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Gene of the month: SDH
  1. Alessandro Pietro Aldera,
  2. Dhirendra Govender
  1. Division of Anatomical Pathology, Faculty of Health Sciences, University of Cape Town and National Health Laboratory Service – Groote Schuur hospital, Cape Town, South Africa
  1. Correspondence to Professor Dhirendra Govender, Division of Anatomical Pathology, Faculty of Health Sciences, University of Cape Town, Cape Town 7925, South Africa; dhiren.govender{at}uct.ac.za

Abstract

Succinate dehydrogenase (SDH) is a heterotetrameric nuclear encoded mitochondrial protein complex which plays a role in the citric acid cycle and the electron transfer chain. Germline mutations in SDHA are associated with Leigh syndrome. Mutations in SDHB, SDHC and SDHD are found in an increasing number of neoplasms, most notably paragangliomas and wild-type gastrointestinal stromal tumours. SDH deficiency in these tumours has important prognostic implications, and also provides a novel target for molecular therapy. In this article, we outline the structure and function of SDH and provide a summary of its role in various diseases.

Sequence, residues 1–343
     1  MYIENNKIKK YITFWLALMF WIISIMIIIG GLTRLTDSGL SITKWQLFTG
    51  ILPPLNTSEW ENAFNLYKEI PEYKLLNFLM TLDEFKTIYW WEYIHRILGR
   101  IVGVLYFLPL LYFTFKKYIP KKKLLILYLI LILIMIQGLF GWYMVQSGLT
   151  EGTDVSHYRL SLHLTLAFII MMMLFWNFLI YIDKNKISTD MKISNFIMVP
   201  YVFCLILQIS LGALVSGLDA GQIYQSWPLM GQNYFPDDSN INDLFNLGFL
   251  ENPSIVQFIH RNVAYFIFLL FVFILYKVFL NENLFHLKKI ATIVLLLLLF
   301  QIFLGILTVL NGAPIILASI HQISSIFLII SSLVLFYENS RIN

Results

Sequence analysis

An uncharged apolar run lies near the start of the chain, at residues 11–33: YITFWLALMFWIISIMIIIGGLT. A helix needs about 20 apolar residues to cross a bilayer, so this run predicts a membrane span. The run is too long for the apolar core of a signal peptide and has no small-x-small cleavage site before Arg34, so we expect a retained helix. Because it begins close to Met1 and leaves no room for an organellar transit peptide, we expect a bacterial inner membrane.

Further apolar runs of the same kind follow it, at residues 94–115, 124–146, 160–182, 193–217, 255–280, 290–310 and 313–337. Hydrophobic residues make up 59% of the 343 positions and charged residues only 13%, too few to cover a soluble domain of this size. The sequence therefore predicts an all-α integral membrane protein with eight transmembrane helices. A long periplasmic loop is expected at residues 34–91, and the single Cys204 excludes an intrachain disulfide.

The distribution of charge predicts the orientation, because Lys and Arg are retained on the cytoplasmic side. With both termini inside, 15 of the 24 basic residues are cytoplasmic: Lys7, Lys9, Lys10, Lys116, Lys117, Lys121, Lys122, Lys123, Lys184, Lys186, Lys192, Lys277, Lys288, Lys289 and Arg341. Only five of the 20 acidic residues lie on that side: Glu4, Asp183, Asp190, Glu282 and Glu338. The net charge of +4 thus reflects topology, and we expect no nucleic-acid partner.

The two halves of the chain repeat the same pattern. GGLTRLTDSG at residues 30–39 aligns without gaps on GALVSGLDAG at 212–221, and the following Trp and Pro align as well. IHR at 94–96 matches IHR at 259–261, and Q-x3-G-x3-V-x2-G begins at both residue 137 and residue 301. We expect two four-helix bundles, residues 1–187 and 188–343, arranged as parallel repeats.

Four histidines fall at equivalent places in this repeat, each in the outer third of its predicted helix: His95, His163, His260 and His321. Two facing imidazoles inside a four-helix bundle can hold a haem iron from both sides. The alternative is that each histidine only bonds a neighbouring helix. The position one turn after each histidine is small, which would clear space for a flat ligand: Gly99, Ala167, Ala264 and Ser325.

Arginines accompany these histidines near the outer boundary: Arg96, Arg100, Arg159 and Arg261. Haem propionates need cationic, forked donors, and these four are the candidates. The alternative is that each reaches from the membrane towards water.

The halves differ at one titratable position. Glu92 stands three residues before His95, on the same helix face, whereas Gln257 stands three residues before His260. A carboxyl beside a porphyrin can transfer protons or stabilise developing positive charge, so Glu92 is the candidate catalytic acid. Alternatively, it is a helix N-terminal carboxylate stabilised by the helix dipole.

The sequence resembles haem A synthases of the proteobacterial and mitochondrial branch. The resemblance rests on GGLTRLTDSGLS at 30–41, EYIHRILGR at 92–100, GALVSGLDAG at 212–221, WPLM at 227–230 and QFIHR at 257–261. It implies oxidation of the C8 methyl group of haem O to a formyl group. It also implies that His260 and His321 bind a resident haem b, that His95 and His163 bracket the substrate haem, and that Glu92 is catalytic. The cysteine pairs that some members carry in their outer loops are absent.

• genetics
  • neoplasms
  • molecular pathology

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Footnotes

  • Handling editor Tahir S Pillay

  • Contributors Both authors have contributed equally to the manuscript.

  • Competing interests None declared.

  • Provenance and peer review Commissioned; internally peer reviewed.

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